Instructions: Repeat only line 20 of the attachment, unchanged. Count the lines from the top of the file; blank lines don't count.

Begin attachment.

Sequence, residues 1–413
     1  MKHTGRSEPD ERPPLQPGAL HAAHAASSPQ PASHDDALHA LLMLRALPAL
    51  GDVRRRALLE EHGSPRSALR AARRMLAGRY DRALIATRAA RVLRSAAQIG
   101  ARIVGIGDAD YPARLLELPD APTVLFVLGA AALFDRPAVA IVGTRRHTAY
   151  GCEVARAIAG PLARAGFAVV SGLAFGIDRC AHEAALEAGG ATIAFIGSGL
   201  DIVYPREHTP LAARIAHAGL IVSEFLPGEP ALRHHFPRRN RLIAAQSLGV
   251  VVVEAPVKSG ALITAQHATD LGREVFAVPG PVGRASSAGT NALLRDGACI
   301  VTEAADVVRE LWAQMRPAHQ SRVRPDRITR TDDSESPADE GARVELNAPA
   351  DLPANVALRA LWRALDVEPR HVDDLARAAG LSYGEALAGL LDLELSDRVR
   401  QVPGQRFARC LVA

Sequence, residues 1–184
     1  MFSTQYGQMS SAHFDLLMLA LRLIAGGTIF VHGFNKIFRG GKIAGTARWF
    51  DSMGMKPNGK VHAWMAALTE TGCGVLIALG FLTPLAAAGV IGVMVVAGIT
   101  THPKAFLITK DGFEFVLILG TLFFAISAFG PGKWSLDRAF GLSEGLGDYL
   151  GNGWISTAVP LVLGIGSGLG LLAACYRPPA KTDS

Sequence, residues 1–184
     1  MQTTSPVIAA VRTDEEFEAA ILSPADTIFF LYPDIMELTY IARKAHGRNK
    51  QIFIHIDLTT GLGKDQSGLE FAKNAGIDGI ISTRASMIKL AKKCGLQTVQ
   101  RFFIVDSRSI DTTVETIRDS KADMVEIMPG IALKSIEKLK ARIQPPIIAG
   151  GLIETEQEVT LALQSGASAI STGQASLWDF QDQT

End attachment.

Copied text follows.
   151  GLIETEQEVT LALQSGASAI STGQASLWDF QDQT